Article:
What he did: I read something in The Glory of Their Times on Wagner, the Deadball Era legend and arguably the greatest shortstop in baseball history. Tommy Leach spoke of learning of Wagner’s prowess when he joined him on the Louisville ball club in 1898, shortly before both men were transferred to the Pittsburgh Pirates. Leach spoke of getting stuck behind Wagner at third base, his position in the minors, but how “it turned out for the best” since the two became part of the first baseball dynasty of the 20th century.
And it also turned out that while Honus was the best third baseman in the league, he was also the best first baseman, the best second baseman, the best shortstop, and the best outfielder. That was in fielding. And since he led the league in batting eight times between 1900 and 1911, you know that he was the best hitter, too. As well as the best base runner.
A few chapters later, another contemporary, Sam Crawford echoed Leach, comparing Wagner with Ty Cobb and saying Wagner “could play any position” and became “the greatest shortstop of them all.” Wagner spent the bulk of his career at shortstop, 1,887 games, but also logged time at every other infield position, played 373 games in the outfield, and pitched 8.1 scoreless innings between 1900 and 1902. He also hit .328 lifetime with 3,420 hits, and it all makes me wonder what he might do if he played today.
With his stocky 5’11” and 200-pound build, I think it unlikely Wagner would be groomed in the minors as a shortstop. My hunch is that in the current game, he might excel at a position he never played: catcher.
Era he might have thrived in: We’ll put Wagner on the Minnesota Twins where he might rival Joe Mauer as the best-hitting catcher in the game today.
Why: This is all based on a big assumption, of course, that Wagner’s bulk and versatility could make him a great backstop. His arm might also lend itself to the position, seeing as a scout signed an 18-year-old Wagner after watching him chuck rocks across a river. He was tough too, supposedly splitting Cobb’s lip with a hard tag in the 1909 World Series after the Georgia Peach yelled, as recounted in Ken Burns Baseball, “Watch out, Krauthead, I’m coming down. I’ll cut you to pieces,” and Wagner replied, “Come ahead.” It seems Wagner would be a tank guarding home, and I wonder why he never played catcher. I think he’d be a natural.
Regardless of whether Wagner could muster Gold Glove-caliber defense behind the plate, though, he’d be something special on offense for the Twins. I ran his numbers through the stat converter on Baseball-Reference.com, seeing how he’d do for Minnesota in 2010. Seven of his seasons would be good for a batting average of .360 or better, and his 1908 season converts to a .400 batting average with 12 home runs and 154 RBI to go with 254 hits, 24 triples and an OPS of 1.074. That would trump Mauer, who in his 2008 American League MVP season put up a career-best 1.031 OPS along with a .365 batting average, 28 home runs, and 96 RBI.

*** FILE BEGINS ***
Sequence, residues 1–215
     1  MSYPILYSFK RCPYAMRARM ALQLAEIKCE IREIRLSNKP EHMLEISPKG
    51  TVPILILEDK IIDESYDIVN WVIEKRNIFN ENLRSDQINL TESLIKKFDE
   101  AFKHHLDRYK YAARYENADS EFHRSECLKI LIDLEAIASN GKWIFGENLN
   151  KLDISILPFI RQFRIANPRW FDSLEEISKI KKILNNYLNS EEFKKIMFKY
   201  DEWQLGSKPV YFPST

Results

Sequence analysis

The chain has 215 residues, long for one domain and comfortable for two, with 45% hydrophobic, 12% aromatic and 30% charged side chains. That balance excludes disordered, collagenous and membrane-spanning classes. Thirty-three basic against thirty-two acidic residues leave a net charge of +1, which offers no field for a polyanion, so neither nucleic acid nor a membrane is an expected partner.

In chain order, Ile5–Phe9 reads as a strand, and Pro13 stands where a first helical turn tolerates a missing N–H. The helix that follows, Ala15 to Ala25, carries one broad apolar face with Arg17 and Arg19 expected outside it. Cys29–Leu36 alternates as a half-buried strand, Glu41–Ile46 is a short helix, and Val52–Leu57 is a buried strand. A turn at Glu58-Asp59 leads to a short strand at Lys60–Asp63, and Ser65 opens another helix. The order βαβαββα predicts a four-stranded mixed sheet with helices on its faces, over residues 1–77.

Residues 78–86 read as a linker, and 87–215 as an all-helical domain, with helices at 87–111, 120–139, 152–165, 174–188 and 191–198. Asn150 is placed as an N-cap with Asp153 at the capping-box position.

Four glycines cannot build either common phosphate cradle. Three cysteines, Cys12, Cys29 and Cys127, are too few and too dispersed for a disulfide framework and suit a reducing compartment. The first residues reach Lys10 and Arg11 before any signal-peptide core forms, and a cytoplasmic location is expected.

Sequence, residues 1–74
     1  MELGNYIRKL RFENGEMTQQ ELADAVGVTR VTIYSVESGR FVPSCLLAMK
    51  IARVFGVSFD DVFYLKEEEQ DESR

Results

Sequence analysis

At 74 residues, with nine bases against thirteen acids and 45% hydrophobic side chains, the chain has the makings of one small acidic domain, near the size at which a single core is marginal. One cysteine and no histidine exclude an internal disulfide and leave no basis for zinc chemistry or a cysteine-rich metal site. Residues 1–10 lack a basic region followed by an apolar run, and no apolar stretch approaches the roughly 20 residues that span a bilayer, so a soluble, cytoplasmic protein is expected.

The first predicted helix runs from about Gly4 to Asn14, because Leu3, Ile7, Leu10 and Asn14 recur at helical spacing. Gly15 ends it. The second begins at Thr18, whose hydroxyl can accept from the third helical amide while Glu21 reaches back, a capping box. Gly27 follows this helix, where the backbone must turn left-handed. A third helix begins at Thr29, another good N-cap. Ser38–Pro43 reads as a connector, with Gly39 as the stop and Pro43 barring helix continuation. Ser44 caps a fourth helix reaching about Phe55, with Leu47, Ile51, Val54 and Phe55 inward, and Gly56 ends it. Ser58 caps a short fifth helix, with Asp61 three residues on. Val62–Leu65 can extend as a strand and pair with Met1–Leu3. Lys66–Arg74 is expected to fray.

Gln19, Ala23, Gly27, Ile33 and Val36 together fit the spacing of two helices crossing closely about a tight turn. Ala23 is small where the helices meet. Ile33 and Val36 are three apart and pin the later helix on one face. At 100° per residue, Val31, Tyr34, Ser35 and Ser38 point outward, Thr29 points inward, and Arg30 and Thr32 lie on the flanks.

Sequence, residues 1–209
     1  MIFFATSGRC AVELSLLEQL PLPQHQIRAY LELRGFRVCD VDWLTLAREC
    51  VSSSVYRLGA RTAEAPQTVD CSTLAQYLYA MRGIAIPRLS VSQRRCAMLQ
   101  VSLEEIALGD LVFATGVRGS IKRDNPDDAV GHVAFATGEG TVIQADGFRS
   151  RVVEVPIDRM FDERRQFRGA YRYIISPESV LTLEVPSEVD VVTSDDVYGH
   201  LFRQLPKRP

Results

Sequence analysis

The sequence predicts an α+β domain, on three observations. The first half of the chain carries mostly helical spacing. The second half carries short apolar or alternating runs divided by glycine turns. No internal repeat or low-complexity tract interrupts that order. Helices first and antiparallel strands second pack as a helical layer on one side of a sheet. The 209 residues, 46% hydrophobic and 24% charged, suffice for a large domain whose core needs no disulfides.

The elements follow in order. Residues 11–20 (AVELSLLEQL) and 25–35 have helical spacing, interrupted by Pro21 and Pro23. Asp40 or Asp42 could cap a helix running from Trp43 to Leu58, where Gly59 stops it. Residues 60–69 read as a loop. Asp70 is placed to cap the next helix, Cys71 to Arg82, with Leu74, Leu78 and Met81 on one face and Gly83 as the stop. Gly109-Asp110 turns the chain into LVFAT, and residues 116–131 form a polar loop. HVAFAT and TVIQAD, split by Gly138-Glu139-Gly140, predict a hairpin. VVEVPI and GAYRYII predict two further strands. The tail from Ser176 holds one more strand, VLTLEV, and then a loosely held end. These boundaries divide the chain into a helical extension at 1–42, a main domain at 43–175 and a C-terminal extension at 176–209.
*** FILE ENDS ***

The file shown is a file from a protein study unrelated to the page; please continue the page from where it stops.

Playing today, Wagner might not have the same appeal to a massive influx of immigrants in the early 20th century, which made him so representative of his time as iconic players often are from Babe Ruth to Hank Greenberg to Jackie Robinson. One of the contributors here, Joe Guzzardi, wrote in a recent column for the Pittsburgh Post-Gazette, “When immigrants watched Wagner, the ‘Flying Dutchman,’ at shortstop, they saw a mirror image of their hard-working selves. Wagner was one of five children born to German natives, and at age 12, he left school to join his father and brothers in the coal mines.”
There might not be the same connection for fans today. All the same, Wagner’s unique abilities would be hard to deny in any generation.
Any player/Any era is a Thursday feature here that looks at how a player might have done in an era besides his own.
Others in this series: Albert Pujols, Babe Ruth, Bad News Rockies, Barry Bonds, Bob Caruthers, Bob Feller, Bob Watson, Denny McLain, Dom DiMaggio, Eddie Lopat, Frank Howard, Fritz Maisel, George Case, Harmon Killebrew, Harry Walker, Home Run Baker, Ichiro Suzuki, Jack Clark, Jackie Robinson, Jimmy Wynn, Joe DiMaggio, Johnny Frederick, Josh Hamilton, Ken Griffey Jr., Lefty O’Doul, Matty Alou, Michael Jordan, Nate Colbert, Paul Derringer, Pete Rose, Prince Fielder, Ralph Kiner, Rickey Henderson, Roberto Clemente, Sam Thompson, Sandy Koufax, Shoeless Joe Jackson, Stan Musial, Ted Williams, The Meusel Brothers, Ty Cobb, Wally Bunker, Willie Mays